In Papua New Guineans Are Depicted Wearing War-Paint and Carrying Arrows While Filing Serious Lawsuit

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Why is it when the media want to depict people in Papua New Guinea, they frequently use images of traditional costumes, instead of western street clothing? Traditional tribal dress is most often only used for celebrations, special anniversary occasions or tourists--just like in our country. Our general population in the USA is never represented by, say, traditional pilgrim costumes from our history or, even Navy Seals with black grease on their faces. Yet, here it is selects to represent the legal action and claims-- brought forth by two New Guinea men that wear western street clothes--as timeless bow and arrow-carrying savages.

UPDATE: 5/1/2009:, without comment, removed the offensive image shown above from its article . StinkyJournalism  informed FP that long-time Papua New Guinea (PNG) resident and anthropologist, Nancy Sullivan noted the tribesmen in the photo weren’t even from PNG, but from West Papua, Indonesian province. Sullivan wrote: “The image on the FP blog page is from West Papua, not PNG. [Apparently] All savage black people are the same” [to them].

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Under the headline, “New Guinea tribesmen sue The New Yorker,” (FP) ran an out-of-context photo (no date or place is indicated in a caption) of what appears to be fierce New Guinea warriors carrying bows and arrows and battle-ready for tribal war–not Court. Why? The image has nothing to do with the case.

StinkyJournalism’s widely circulated report provided photographs of the two “New Guinea” men, the plaintiffs in the case, Henep Isum Mandingo and Hup Daniel Wemp. They are suing famed UCLA scientist and Pulitzer prize winning author, Jared Diamond for libel per se in New York State Court. StinkyJournalism’s exclusive investigation supports Mandingo’s and Wemp’s claim that they, and their tribes, were wrongly accused of heinous crimes, including rape and murder., and numerous other publications, published our photos of the two men. They are clearly unarmed and wearing western-style street clothes. No war paint or feathers in sight.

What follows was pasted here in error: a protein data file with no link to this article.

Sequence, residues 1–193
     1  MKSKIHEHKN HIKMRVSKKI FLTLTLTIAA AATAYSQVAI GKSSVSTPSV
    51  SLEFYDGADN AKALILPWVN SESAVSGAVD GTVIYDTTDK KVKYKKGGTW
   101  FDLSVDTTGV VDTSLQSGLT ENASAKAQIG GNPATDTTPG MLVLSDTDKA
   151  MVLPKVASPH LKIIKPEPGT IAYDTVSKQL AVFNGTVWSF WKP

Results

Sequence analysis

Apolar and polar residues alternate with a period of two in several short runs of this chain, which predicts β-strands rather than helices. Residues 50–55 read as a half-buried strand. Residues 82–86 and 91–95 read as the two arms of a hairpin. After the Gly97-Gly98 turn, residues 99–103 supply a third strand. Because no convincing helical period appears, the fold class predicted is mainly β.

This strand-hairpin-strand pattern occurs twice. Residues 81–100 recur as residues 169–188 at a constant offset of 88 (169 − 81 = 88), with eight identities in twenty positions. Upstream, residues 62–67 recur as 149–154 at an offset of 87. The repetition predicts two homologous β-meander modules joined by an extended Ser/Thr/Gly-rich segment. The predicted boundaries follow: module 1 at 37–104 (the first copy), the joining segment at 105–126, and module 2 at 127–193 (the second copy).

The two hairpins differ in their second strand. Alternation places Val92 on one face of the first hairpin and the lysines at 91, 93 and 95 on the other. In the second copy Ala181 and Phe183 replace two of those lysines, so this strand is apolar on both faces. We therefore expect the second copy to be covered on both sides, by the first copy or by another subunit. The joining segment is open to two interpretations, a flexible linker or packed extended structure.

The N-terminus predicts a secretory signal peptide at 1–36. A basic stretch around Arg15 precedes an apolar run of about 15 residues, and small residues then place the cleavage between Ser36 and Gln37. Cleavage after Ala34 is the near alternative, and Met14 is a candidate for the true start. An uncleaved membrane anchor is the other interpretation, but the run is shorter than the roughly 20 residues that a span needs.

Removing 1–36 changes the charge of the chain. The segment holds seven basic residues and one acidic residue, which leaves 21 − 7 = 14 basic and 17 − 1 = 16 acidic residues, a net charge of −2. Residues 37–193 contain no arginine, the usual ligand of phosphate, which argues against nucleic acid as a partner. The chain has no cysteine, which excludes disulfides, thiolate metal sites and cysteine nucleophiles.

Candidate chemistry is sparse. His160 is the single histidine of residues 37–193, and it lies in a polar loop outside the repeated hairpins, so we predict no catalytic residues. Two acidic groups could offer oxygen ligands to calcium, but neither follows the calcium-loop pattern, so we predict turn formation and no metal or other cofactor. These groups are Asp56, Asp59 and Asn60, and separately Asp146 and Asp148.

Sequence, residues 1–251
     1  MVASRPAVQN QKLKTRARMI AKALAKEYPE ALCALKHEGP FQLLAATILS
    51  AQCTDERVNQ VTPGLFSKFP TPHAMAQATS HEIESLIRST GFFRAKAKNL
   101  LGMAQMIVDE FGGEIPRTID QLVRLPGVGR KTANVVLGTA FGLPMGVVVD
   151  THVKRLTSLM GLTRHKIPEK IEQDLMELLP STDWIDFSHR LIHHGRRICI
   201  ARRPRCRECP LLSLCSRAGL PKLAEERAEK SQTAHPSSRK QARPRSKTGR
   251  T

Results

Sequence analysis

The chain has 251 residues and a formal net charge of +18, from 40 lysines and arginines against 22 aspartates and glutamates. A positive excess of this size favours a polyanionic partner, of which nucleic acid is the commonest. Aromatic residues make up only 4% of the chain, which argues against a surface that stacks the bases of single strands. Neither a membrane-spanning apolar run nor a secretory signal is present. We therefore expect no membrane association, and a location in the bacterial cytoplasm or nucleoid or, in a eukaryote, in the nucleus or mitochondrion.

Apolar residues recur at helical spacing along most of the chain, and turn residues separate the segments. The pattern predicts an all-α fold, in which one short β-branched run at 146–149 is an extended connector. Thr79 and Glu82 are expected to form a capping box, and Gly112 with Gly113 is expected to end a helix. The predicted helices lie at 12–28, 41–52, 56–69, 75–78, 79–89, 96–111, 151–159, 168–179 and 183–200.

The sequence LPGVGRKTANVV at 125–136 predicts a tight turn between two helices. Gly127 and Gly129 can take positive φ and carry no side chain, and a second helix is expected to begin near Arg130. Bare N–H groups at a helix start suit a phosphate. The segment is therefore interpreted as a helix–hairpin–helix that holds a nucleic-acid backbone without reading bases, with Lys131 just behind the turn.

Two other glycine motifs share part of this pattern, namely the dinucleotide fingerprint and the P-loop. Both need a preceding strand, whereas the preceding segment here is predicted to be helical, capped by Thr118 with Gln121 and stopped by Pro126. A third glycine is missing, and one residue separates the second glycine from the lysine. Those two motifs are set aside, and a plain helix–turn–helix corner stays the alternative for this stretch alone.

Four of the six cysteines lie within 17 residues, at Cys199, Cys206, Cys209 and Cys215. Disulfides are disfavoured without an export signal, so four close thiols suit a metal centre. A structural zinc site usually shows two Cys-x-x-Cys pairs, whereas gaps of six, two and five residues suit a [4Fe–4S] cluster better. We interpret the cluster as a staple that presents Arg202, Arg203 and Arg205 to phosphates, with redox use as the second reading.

So why did FP chose a traditional dress and war paint image– an ahistorical tribal depiction with no caption–to illustrate Mandingo and Wemp and their legal case? Can FP simply ethically ignore the fact that these specific Papua New Guinea men wear western dress?

Read more in StinkyJournalism’s report on this case. As demonstrated here by FP,  Henep Isum Mandingo and Hup Daniel Wemp are battling more than correcting the lies told about them in the New Yorker penned by Diamond.  They are also faced with a media fueled backdrop of continuing stereotypes that depict them, and other indigenous people from Papua New Guinea, as uneducated and fearsome savages wearing war paint–even when filing their Court cases.

Update: 5/2/09: It is interesting to note that FP listed Jared Diamond as number 31 among the members in their 2008 “World’s Top 100 Public Intellectuals” poll.

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In Papua New Guineans Are Depicted Wearing War-Paint and Carrying Arrows While Filing Serious Lawsuit

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One Response

  1. samuel says:

    Papua New Guinea people are like indian will this is great culture.

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